I am installing Fedora on a new laptop. But the stick I used failed the test so I am making a new installer on another USB drive.
I then noticed SilverBlue and loads more “spins” here: Getting Started :: Fedora Docs
They all say “immutable”, but I don’t understand what that means in the context of an OS. Could someone please explain? I wondered about trying some of the spins to try different DE’s but not sure why someone would use these and concerned it may be more technical, I am no dev. thanks
Here is a video that explains what an Immutable OS is :
The spins are different desktop DE like “KDE, XFCE, LXQT, Sway etc” so if you do not want the standard Gnome desktop with workstation, then one of these might suit you well.
You will not be able to change/write files in the part of the Immutable file system. You can read it but you will not be able to change. When you want to update you change the whole image of the OS. The config files and personal data will be mounted to a part where you can write.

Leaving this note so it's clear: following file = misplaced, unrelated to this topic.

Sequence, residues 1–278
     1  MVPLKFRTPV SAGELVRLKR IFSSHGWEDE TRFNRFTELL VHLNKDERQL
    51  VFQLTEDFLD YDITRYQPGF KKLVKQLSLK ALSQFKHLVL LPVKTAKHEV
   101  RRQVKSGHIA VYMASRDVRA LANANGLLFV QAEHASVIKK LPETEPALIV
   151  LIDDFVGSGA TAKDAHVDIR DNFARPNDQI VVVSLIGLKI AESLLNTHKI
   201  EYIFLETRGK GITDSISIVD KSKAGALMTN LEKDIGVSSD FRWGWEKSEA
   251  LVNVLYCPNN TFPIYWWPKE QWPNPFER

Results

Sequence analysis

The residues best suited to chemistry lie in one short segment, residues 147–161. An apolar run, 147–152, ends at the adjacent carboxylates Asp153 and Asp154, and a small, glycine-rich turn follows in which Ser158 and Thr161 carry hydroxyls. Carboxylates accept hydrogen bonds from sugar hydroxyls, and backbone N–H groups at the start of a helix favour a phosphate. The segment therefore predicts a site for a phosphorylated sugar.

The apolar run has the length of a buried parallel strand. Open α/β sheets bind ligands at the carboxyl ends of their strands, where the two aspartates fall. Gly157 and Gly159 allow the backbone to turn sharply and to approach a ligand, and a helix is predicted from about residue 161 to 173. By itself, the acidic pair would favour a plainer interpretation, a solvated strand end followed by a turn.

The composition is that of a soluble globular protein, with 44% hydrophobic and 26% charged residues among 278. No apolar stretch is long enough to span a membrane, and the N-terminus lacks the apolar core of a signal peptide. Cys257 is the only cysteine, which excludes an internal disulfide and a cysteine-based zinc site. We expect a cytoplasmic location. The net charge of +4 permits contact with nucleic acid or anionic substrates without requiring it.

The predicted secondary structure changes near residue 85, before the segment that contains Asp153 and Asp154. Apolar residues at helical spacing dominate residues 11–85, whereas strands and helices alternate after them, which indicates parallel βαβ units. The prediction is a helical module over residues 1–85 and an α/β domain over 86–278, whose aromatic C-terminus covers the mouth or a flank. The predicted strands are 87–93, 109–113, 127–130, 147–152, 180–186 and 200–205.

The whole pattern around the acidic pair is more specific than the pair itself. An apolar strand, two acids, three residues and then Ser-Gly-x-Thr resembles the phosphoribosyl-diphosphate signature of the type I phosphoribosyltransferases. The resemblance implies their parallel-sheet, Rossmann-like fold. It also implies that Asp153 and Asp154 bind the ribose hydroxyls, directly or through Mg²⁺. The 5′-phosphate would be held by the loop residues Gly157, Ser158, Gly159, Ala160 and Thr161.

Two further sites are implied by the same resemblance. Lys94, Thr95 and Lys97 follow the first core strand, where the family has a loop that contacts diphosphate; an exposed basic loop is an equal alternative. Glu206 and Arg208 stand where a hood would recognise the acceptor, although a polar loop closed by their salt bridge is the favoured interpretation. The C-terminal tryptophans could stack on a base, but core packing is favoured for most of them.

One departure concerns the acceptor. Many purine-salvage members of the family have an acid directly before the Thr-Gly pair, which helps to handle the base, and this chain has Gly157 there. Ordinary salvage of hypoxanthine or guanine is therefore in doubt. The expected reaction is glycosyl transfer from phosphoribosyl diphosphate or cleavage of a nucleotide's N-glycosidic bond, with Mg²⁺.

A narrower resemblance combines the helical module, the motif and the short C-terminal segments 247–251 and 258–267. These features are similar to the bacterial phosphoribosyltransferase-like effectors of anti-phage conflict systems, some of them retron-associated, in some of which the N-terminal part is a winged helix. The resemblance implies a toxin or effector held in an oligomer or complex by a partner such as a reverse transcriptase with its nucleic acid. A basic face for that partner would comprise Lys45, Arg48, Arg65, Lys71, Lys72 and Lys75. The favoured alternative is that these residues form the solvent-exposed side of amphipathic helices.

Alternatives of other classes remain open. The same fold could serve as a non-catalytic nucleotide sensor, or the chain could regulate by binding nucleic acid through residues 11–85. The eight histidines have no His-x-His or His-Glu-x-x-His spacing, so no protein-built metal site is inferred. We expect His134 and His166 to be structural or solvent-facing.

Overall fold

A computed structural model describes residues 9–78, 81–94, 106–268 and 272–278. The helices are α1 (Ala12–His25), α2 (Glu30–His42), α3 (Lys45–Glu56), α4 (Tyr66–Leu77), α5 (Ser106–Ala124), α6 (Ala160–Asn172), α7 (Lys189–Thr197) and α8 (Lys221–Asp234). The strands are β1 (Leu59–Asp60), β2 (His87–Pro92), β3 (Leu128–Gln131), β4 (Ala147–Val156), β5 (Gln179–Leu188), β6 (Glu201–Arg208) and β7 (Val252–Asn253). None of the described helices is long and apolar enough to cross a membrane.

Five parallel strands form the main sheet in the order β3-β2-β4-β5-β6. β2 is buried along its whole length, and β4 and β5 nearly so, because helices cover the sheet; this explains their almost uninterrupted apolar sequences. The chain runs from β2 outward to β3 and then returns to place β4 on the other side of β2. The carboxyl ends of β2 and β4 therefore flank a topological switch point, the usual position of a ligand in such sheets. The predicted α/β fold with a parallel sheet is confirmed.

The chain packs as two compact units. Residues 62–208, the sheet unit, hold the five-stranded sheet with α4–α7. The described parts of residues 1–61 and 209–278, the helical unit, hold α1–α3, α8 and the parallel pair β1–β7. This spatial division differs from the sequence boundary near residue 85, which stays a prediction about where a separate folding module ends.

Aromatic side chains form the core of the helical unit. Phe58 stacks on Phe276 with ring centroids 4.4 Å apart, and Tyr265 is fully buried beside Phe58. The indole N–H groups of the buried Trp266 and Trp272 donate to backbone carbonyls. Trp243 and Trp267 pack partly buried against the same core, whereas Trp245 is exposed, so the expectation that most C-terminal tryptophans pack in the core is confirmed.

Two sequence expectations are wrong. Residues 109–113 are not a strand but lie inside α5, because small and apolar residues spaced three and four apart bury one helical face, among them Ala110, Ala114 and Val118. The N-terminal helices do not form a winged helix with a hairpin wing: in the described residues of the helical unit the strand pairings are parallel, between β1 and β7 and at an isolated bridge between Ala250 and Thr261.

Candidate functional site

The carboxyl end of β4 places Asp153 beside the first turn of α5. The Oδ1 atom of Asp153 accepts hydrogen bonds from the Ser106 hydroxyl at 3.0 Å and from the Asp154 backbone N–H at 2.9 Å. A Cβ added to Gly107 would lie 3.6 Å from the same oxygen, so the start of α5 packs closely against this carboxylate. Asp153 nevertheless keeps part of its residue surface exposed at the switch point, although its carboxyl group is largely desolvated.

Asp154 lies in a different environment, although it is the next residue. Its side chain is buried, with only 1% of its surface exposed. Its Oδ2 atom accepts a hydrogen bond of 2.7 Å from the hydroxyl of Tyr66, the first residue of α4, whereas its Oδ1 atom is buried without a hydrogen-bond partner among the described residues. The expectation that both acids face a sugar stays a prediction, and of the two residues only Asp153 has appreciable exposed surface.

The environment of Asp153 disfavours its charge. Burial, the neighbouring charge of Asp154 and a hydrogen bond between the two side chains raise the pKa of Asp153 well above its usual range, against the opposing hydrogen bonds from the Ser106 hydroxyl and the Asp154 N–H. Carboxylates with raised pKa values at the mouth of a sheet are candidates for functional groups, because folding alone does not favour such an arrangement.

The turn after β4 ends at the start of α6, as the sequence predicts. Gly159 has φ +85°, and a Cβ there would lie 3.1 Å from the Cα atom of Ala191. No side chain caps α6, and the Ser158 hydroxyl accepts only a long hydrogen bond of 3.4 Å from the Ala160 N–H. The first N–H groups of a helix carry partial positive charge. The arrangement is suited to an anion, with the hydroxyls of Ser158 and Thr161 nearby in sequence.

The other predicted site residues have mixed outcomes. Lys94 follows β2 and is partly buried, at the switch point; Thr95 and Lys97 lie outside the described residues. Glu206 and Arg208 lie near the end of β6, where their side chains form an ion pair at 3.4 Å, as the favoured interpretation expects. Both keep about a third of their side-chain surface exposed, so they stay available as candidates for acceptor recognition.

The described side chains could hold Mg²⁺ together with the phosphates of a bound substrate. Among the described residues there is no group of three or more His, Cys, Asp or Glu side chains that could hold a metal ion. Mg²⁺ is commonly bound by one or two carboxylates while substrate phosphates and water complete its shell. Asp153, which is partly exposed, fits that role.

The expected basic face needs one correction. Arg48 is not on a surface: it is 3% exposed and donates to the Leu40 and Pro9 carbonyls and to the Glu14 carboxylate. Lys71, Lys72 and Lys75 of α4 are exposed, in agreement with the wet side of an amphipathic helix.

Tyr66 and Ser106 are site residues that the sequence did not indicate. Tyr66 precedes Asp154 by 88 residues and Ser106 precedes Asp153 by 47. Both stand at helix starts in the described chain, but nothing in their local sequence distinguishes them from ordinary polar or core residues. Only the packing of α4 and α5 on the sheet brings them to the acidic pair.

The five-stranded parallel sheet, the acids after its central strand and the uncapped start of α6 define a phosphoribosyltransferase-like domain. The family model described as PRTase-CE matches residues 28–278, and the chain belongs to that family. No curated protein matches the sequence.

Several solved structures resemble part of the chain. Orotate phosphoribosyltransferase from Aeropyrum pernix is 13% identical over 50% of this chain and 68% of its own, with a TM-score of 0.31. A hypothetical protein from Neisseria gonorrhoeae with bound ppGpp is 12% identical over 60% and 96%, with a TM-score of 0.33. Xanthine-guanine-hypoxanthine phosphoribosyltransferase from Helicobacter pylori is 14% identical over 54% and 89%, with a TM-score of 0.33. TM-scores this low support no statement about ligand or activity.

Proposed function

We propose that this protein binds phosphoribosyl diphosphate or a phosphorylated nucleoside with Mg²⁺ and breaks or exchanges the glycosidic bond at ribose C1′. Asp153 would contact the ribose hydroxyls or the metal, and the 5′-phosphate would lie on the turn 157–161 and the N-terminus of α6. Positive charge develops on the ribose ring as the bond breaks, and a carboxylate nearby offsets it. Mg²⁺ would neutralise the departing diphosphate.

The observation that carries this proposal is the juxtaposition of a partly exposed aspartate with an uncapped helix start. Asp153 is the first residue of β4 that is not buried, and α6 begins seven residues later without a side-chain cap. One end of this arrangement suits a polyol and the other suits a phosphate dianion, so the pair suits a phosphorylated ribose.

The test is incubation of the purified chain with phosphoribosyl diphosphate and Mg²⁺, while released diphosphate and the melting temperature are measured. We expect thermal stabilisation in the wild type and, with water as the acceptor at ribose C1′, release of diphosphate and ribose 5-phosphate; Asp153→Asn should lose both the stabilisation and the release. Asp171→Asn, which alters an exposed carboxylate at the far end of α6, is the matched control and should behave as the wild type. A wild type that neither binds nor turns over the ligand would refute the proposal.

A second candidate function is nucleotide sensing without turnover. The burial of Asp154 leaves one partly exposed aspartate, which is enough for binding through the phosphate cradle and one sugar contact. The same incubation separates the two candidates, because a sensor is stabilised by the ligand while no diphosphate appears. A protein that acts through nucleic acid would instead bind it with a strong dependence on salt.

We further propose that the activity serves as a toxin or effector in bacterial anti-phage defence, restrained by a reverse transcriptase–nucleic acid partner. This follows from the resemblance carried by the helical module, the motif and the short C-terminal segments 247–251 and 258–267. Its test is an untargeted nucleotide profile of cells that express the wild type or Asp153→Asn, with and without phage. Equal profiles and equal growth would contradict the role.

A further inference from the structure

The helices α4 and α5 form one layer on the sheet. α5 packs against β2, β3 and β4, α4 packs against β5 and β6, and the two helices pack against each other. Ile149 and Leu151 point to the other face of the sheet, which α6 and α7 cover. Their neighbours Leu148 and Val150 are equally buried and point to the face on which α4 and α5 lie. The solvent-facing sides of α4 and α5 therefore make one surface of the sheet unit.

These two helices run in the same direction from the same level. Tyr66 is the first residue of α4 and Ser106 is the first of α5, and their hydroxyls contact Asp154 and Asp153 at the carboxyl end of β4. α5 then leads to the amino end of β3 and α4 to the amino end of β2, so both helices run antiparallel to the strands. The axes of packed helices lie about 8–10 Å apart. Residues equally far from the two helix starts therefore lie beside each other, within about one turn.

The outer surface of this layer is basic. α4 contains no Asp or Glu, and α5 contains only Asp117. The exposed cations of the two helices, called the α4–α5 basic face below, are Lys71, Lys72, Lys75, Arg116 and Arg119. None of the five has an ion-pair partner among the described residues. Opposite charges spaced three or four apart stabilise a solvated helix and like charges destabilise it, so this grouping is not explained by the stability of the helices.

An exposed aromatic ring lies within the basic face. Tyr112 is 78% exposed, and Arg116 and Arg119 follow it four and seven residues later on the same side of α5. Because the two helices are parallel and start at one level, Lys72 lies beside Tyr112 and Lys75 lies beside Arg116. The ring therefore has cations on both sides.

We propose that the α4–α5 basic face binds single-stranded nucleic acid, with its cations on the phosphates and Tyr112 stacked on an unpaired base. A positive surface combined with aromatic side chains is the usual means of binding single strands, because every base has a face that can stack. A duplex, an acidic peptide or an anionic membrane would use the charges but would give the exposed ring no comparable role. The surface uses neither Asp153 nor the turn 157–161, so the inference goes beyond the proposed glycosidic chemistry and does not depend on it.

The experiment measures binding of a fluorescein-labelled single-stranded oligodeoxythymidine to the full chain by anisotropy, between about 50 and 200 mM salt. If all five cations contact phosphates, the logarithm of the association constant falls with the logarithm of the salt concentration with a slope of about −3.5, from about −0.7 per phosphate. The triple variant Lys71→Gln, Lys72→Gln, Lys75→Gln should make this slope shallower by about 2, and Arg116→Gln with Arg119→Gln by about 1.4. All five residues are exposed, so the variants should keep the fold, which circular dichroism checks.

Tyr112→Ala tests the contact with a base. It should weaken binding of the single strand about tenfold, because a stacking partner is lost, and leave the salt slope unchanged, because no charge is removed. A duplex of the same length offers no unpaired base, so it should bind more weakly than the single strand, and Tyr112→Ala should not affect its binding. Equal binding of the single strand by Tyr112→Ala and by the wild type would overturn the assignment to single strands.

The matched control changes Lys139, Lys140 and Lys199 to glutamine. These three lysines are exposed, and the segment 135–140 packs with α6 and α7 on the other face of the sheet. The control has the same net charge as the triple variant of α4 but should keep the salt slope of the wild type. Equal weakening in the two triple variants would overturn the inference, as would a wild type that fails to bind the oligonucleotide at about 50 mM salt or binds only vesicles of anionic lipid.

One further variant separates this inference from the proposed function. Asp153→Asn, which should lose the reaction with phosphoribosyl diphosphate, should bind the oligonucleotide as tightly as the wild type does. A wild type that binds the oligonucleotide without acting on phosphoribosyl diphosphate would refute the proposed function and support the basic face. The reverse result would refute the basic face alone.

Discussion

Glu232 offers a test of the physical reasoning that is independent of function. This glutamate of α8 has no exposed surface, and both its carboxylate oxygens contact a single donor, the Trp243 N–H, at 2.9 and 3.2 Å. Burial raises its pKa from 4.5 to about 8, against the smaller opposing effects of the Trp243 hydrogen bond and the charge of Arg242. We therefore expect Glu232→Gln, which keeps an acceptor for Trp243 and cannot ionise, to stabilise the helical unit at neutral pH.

If your OS has a problem you just can swap back to the older Image.
Thanks both of you. That’s interesting. I have tried Fedora Workstation on a few machines and generally like how it works. I tend to want something as close to Mac OSX (in terms of looks and functions, without the telemetry and bloatware BS :D) to make my transition a bit more “comfortable” generally. So without a desire for a different DE I don’t see much benefit, although I can see some benefits in not being able to screw the OS up (perhaps a big deal for me!)
On the other hand, due to my choice of a Lenovo Yoga 7 (16ARP8), I suspect I may have to do some edits to make everything work properly. Most does, but the sound is AWFUL as it comes with Dolby Atmos hardware, i may actually end up having to sell this machine but it’s so nice in other ways I intend to give it a good crack.
Not sure what the use cases would be for someone to want an ‘immutable’ OS, but that’s my ignorance, I am sure there are many!
Every day is a school day! Thanks